Five years ago, the Detroit Tigers were regarded as a powerhouse threat in the American League. Today, it is a completely different story.
The Dog Days in Detroit: What’s Next?
The Tigers are a team in transition. The 2017 campaign has simply been a disaster for the former American League champions. The Tigers own a 62-91 record and currently sit 34 games back of the division leading Cleveland Indians.
The first indication of the full rebuild was the departure of All-Star outfielder Justin Upton. Upton was shipped off to the Los Angeles Angels for pitching prospect Grayson Long. The next was former Cy Young award winner Justin Verlander being shipped off to the Houston Astros. The Tigers attained three of Houston’s top prospects. Perhaps the two most concerning veterans on the Tigers roster are Miguel Cabrera and Victor Martinez.
A Fading Star
Cabrera has done it all. He is an 11-time All-Star, a triple crown winner, a two-time MVP winner, and a World Series champion in 2003 with the Florida Marlins. He has been a staple in the culture of Tigers baseball with a career batting average of .318 and a career on-base percentage of .396. According to ESPN, an average season for ‘Miggy’ between the 2004-2015 seasons is a .323 batting average, 33 home runs and 115 RBI.
Those numbers are downright absurd for the future Hall of Famer. However, Cabrera has seen a significant regression in those video game numbers both in terms of power and average over the last two seasons. The superstar is batting a mere .249 while his strikeout rate ballooned to over 20 percent. His batting average on balls in play (BABIP) has plummeted to .290. That is ten points lower than his career BABIP and 46 points lower than it was in 2016.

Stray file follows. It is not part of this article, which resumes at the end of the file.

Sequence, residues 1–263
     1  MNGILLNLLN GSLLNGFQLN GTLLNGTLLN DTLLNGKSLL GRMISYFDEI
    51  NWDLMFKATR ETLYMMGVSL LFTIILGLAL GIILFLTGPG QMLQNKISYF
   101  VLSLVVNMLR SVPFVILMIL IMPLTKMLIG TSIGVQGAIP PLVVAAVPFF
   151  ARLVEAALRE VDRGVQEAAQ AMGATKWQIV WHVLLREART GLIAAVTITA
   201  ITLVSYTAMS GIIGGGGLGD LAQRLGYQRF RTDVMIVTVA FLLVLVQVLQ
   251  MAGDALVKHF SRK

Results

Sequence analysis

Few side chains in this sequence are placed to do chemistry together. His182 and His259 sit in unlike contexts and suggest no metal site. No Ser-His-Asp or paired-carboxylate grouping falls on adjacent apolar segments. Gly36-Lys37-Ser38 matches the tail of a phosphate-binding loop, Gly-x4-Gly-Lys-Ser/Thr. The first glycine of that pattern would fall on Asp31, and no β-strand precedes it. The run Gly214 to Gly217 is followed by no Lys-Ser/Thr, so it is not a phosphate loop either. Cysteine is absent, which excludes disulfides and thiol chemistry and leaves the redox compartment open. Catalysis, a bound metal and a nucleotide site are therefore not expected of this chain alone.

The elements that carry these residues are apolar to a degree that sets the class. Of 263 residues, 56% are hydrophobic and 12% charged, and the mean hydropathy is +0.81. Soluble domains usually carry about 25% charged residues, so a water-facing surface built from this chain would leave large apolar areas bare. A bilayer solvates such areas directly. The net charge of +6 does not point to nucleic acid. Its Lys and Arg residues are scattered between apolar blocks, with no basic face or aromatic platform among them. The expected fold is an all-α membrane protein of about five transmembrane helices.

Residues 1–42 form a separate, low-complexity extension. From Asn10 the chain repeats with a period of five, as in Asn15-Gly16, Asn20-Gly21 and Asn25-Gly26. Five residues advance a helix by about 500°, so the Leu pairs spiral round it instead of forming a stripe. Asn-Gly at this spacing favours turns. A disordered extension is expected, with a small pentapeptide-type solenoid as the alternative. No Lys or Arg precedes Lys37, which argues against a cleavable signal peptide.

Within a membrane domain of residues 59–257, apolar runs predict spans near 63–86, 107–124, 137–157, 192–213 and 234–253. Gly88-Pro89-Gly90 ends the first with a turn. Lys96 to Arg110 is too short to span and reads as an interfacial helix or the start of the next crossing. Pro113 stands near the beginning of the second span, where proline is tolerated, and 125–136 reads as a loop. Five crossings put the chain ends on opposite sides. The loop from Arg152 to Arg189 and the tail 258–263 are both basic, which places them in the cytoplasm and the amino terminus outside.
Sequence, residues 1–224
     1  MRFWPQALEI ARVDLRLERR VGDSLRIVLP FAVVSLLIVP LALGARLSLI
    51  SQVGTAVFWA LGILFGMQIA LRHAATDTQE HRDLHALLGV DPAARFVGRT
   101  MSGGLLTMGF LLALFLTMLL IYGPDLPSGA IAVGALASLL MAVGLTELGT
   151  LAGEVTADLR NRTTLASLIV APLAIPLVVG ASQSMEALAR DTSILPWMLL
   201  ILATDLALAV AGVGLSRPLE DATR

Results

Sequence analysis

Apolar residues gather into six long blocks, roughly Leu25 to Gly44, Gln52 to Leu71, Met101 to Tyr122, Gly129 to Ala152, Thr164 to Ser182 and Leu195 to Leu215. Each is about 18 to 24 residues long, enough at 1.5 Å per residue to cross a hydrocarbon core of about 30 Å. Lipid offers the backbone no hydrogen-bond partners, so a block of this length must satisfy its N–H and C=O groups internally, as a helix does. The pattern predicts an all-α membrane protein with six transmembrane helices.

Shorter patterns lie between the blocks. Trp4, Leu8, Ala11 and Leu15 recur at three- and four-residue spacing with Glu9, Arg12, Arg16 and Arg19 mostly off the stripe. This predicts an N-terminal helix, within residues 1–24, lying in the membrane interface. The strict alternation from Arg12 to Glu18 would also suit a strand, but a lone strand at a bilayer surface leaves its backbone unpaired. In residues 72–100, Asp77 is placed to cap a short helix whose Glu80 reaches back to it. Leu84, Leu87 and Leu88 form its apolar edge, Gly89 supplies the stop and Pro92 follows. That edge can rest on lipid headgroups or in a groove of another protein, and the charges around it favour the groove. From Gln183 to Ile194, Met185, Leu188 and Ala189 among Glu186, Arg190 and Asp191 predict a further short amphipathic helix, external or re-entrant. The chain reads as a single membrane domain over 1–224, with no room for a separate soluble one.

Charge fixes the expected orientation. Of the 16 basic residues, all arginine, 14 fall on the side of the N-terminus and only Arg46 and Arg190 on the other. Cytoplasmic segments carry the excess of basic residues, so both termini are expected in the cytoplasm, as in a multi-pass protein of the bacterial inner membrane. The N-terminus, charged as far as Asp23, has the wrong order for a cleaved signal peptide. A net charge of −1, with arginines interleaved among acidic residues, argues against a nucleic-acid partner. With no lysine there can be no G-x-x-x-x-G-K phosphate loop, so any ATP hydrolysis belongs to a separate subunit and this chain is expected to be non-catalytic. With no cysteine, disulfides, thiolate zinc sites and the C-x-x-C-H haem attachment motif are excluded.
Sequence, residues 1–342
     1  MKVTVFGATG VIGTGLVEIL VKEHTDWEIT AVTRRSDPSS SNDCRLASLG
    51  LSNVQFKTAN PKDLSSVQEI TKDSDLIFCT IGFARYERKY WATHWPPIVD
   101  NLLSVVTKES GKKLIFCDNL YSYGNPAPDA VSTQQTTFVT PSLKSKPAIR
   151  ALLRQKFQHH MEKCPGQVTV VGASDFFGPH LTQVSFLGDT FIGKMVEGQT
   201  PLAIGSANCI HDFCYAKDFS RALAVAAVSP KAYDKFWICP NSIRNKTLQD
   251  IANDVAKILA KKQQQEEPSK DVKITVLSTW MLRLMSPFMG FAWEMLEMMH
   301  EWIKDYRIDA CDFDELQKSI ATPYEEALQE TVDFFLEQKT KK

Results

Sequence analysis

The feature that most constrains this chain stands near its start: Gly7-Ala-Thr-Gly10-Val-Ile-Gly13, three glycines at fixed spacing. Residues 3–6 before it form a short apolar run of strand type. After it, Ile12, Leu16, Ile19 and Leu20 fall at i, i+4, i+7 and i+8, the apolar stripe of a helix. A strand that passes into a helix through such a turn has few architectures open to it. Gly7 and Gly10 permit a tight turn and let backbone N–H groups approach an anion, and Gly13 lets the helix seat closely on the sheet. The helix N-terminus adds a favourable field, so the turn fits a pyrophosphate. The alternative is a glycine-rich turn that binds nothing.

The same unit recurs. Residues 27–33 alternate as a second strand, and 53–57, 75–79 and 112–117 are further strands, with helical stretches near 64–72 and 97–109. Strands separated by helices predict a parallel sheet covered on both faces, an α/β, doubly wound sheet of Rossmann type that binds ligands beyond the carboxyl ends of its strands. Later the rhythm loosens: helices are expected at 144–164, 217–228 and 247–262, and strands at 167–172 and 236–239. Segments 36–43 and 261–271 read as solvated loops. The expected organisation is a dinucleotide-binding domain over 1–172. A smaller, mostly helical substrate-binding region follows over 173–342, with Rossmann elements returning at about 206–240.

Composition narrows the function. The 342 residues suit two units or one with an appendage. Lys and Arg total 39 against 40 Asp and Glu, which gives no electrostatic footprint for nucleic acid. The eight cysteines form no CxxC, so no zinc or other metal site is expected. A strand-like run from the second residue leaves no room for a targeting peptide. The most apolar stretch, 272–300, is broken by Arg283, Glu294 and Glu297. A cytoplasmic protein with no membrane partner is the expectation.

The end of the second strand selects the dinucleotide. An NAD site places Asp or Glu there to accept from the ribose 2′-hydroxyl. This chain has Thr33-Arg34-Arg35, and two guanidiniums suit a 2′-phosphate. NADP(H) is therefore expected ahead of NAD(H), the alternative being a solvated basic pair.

It has been well-documented that Cabrera will have no choice but to move to the designated hitter role realistically next season. This is a move he is less than happy to make based on his drive to contribute on both sides of the baseball.
This now leaves the Tigers in a real bind. Martinez, signed a four-year, 68 million dollar deal with Detroit back in 2015. This means that he is locked up with the Tigers for another season. At age 38, Martinez’s inconsistency from year-to-year should be a red flag to the Tigers organization. V-Mart posted a solid .289 batting average and .476 slugging percentage in 2016.
However, his inability to stay healthy throughout the course of the 162-game schedule has cost the aging slugger as his numbers declined in 2017. Martinez is hitting an abysmal .255 in 2017. Martinez has just been shut down for the rest of the season due to an irregular heartbeat.
So what do the Tigers do? It is unrealistic for management to waste $17 million dollars a year for Martinez sit on the bench. With the concerning decline of Cabrera, the Tigers have two options.
First, buy out the remaining $36 million Martinez is owed the next two seasons. Second, find a contending team who would be able to take on a substantial part of V-Mart’s contract. In exchange, Detroit could acquire a prospect and benefit from a salary dump of at least $12-13 million.
Perhaps teams such as the Seattle Mariners or Boston Red Sox could be interested in acquiring a veteran bat like Martinez. It would make sense from a financial perspective if Detroit were to trade Martinez to a contender for at least something.
The Tigers are heading in an all too familiar direction of being a basement-dwelling organization. From the 1989 season up until 2005, the Tigers were lucky to achieve a winning record. However, with mid-season trade acquisitions of the likes of third baseman Jeimer Candelario, the Tigers are showing progress. The time to tear it down is now. Let’s get to work, Detroit.